To say the least, The Wicked Girls is gripping and emotional. Readers feel a great deal of sympathy for these two women. At the same time, I wish there had been more exploration of their emotions — it would have made the book even more deeper and heart-wrenching. I feel like a couple serious issues may have slipped away in the pacing of the thriller/mystery. The mystery, for me, was not really a mystery. I guessed/hunched right away at the twist.

This novel is something new and ventures thoughts onto a road not taken… It raises questions about children who commit crimes. Obviously Amber and Kristy are searching for redemption; in the end, I think they receive it, albeit in a different and bittersweet form. Life is never as sweet as fairy tales.

***ARC provided by Netgalley in exchange for my review


Book Review: The People in the Trees: A Novel by Hanya Yanagihara (4.5/5)


I’ve also been putting off this review for a while….

The People in the Trees is an anthropological thriller infused with adventure, discovery, science, the ethics of science and — most of all — deeply stirring moral questions. In 1950, anthropologist Paul Tallent calls for a young doctor to accompany him on his expedition to the isolated island Ivu’ivu. The med school sends the student at the bottom of the class, Norton Perina — brilliant, lazy, ambitious and arrogant. Little do they know, this expedition will change Perina’s life and touch the world.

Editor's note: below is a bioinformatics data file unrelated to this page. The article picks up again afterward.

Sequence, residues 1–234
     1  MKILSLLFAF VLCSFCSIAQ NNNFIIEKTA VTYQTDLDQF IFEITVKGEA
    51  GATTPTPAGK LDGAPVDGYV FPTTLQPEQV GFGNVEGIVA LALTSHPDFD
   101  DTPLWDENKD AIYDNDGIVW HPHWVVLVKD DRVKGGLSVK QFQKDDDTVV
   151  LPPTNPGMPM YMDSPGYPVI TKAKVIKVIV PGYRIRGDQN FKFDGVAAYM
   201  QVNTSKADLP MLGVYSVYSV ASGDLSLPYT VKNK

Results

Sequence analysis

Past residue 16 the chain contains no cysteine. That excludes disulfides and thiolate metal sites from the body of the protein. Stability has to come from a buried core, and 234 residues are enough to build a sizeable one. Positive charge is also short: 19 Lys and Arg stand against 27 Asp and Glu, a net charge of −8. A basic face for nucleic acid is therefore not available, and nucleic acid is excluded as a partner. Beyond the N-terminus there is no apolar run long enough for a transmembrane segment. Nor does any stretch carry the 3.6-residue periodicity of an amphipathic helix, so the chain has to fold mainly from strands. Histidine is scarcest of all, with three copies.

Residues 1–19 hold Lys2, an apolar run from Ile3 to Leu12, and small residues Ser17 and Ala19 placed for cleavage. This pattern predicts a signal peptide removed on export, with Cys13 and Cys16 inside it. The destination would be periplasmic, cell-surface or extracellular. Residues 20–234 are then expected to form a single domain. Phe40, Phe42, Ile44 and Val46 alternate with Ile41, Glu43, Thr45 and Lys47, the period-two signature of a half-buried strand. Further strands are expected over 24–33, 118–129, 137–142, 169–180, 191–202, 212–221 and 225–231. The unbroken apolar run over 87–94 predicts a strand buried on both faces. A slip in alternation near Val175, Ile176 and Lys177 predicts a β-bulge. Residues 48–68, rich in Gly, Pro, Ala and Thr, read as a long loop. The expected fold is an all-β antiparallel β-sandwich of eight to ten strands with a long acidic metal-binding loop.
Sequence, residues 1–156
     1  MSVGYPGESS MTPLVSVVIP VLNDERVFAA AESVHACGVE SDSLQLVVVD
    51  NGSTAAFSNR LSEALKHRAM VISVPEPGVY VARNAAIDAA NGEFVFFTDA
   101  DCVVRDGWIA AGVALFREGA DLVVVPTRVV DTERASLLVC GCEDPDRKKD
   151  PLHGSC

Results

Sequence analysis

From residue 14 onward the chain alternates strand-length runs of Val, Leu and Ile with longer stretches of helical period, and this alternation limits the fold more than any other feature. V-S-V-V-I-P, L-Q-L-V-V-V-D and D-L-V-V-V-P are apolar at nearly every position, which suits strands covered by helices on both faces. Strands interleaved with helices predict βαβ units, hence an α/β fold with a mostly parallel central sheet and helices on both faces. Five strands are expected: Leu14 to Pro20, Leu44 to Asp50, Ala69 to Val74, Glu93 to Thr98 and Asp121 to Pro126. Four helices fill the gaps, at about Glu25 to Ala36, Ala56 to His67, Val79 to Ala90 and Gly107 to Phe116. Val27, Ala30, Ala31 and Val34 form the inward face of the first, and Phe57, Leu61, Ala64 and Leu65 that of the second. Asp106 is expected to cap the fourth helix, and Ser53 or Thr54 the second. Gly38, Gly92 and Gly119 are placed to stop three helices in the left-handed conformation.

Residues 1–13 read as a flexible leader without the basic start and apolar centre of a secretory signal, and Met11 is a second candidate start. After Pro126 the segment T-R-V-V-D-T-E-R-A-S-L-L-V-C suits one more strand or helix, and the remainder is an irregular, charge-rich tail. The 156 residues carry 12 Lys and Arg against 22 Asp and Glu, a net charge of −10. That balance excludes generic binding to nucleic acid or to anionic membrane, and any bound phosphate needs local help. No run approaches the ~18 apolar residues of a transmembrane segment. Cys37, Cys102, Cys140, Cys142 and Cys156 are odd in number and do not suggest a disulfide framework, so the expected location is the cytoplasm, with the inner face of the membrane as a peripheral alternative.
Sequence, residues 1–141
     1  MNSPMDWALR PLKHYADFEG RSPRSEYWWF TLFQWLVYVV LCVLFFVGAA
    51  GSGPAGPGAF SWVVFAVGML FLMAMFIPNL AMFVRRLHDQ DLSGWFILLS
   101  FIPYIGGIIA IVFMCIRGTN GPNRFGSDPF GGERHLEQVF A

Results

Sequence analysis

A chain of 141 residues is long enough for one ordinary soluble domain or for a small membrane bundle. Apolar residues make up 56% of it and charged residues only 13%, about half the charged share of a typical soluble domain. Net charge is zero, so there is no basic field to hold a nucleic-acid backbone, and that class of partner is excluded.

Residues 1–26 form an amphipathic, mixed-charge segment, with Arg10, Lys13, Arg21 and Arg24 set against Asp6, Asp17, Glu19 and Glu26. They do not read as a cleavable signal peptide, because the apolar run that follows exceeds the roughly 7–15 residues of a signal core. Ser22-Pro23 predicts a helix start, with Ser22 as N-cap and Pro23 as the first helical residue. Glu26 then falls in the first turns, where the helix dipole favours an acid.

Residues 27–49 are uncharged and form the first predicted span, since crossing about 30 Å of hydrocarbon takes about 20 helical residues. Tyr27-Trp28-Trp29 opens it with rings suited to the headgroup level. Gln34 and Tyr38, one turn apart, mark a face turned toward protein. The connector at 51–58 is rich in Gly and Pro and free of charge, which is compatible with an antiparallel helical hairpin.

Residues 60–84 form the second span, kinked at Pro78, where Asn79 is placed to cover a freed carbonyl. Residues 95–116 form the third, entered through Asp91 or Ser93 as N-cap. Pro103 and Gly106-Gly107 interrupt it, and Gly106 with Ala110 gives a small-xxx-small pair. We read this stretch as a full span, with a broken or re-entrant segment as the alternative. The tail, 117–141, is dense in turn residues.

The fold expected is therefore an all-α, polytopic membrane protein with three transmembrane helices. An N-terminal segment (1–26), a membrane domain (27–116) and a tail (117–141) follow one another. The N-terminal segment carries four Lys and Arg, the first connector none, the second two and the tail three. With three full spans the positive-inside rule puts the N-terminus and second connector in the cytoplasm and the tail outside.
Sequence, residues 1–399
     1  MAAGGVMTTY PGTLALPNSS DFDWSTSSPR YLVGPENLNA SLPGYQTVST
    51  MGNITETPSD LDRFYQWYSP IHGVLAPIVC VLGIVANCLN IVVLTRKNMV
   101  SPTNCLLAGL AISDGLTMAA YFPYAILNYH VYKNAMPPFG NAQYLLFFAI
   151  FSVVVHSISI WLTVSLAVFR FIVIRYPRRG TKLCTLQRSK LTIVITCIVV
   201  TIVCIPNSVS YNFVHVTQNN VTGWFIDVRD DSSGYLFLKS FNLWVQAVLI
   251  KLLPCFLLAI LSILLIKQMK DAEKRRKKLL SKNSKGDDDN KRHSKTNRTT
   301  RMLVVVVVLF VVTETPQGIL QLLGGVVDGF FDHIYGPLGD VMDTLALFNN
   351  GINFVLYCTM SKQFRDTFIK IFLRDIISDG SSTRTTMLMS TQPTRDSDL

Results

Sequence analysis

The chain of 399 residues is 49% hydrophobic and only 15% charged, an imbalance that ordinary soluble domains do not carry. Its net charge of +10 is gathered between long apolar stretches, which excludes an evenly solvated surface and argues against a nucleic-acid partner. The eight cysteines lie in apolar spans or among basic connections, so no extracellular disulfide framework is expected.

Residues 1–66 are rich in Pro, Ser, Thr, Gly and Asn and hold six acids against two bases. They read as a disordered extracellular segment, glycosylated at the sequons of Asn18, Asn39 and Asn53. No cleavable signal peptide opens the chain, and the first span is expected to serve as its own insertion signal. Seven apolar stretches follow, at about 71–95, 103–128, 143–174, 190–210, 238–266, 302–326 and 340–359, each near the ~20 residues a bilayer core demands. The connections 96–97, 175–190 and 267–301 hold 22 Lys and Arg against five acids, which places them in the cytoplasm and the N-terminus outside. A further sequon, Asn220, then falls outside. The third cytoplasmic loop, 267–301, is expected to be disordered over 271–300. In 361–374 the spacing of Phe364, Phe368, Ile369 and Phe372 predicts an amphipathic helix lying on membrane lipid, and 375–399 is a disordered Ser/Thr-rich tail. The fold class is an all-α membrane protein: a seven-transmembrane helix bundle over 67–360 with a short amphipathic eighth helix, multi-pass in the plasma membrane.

While on the expedition, Tallent, Perina and Esme — the assistant Perina detests — discover immortal life amongst the island people. Perina selfishly smuggles back a turtle he suspects of containing the ingredients for immortality and soon wins the Nobel Prize for discovering Selene Syndrome.

But immortality is not all it seems… And it is as quickly lost as it’s found. The concept of immortality is very interesting. And it’s been talked of a lot in recent years; it’s builds on the theory of telomeres being the key to cancer and aging. In the meantime, Perina’s personal life collides with his professional identity. Is a great man still a great man even if he is not good?